Shared Assemblies

Up until now you have been developing only private assemblies. In other words, you have been developing assemblies that are local to the application and that can be accessed only by the application. In most cases, private assemblies will be all you really need to develop. But what happens if you have multiple applications that share a common assembly? You could make a copy of the assembly and copy it to each application's directory. Or you could use the second type of assembly, a shared assembly.

Shared assemblies are accessible to any program that is run on the same machine where the assembly resides. By the way, you work with shared assemblies whenever you use any of the classes or any other data type of the .NET Framework. This seems logical, as every .NET application shares these assemblies.

The Global Assembly Cache

Unlike private assemblies, shared assemblies are placed in a common directory structure known as the global assembly cache (GAC). If and when you go looking for the GAC, you will find it off of your <WINDIR> (Windows or Windows NT) directory, in a subdirectory aptly called assembly.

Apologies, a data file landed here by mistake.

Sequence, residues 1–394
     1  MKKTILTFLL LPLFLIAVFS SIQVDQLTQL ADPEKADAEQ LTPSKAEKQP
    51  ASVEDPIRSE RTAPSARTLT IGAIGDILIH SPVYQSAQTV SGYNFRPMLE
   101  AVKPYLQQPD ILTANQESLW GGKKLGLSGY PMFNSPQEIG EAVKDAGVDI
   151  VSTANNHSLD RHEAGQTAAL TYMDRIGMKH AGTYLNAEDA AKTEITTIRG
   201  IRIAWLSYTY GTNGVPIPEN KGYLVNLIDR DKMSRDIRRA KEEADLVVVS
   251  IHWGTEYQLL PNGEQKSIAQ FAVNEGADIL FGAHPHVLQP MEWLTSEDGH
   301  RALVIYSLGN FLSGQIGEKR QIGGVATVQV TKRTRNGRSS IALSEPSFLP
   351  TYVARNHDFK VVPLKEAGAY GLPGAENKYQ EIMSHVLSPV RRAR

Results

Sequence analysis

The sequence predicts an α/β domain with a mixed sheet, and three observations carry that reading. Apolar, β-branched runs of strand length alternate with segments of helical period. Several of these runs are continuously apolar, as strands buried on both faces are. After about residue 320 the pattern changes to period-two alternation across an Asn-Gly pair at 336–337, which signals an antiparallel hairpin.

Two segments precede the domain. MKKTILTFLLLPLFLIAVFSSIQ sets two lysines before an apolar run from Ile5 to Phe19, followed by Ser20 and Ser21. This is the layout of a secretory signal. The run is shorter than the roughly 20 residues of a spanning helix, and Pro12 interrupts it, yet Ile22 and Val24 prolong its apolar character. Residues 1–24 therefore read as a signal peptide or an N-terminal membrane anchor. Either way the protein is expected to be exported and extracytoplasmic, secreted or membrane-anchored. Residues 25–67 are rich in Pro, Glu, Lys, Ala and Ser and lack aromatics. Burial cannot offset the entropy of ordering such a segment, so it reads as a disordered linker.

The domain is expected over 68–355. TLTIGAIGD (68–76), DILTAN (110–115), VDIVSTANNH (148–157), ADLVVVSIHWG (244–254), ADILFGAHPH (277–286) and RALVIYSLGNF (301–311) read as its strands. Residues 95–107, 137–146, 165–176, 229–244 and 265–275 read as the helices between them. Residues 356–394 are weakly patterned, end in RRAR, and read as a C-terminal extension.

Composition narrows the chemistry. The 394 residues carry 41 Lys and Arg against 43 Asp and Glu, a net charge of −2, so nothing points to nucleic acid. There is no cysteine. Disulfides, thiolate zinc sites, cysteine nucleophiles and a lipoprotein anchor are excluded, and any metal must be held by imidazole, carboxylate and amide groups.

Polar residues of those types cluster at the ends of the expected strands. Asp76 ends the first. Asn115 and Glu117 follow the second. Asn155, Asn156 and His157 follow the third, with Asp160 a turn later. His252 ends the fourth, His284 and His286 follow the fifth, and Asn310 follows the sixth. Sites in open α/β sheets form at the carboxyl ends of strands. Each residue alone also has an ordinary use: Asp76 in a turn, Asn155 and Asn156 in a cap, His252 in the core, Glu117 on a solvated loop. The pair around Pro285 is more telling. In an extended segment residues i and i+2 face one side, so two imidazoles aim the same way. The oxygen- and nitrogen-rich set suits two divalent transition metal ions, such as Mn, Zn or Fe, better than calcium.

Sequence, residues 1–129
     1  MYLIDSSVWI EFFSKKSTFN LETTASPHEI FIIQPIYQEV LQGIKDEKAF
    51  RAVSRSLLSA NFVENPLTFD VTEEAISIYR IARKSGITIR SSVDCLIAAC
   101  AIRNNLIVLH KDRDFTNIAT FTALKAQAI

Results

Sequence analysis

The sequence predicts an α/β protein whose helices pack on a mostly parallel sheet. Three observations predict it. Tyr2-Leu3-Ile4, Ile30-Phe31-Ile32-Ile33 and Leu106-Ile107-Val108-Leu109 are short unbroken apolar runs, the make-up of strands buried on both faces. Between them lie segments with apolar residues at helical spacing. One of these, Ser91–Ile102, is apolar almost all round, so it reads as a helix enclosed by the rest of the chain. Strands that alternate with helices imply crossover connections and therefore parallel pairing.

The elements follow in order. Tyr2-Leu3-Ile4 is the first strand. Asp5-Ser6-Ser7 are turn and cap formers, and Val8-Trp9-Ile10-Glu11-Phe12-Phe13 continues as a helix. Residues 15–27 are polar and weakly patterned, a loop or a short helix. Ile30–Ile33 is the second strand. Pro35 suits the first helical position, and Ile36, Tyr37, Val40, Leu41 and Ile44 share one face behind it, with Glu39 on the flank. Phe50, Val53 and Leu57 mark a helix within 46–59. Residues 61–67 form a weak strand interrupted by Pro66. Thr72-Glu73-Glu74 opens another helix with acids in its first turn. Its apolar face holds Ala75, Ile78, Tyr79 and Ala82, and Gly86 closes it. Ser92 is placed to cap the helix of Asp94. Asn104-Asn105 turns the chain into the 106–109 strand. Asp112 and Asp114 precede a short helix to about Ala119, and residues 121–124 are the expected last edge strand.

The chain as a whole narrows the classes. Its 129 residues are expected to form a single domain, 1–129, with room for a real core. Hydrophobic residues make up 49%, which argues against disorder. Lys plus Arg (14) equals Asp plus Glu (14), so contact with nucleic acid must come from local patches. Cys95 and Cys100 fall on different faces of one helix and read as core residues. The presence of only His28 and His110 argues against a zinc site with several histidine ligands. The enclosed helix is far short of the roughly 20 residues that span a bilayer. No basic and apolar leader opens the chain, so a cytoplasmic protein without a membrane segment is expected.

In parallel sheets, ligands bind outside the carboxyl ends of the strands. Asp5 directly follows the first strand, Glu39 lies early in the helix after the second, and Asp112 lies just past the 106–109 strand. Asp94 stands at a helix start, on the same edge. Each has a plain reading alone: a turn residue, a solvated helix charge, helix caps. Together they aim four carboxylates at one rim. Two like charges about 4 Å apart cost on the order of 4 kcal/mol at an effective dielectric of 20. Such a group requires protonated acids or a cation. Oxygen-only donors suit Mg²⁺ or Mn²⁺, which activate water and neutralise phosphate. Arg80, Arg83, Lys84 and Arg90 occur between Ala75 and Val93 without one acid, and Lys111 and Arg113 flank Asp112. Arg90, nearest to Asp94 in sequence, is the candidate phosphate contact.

When you open the assembly directory in Windows Explorer, it has the appearance of being one big directory made up of many different assemblies (see Figure 17-4). In reality, the assembly directory has a complex directory structure that gets hidden (thankfully) by Windows Explorer.

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Figure 17-4: The GAC

In fact, the assembly directory itself only contains subdirectories. One subdirectory is called GAC, which in turn contains subdirectories for each assembly. Each of these subdirectories contains one or more subdirectories, one for each version of the assembly in the GAC. This directory finally contains the assembly's .dll file that your own assemblies reference.

Off of the <WINDIR>\assembly directory you will also find other subdirectories. You will find directories for each version of natively compiled code used by your system (i.e., any code that is precompiled in the machine language of the host machine). Normally, you work with MSIL code, but because this needs the additional step of compiling to machine code, the .NET Framework precompiles some of its more frequently used assemblies to save the time of performing this compile step. You will find that the native code directory structure is similar to that of the GAC.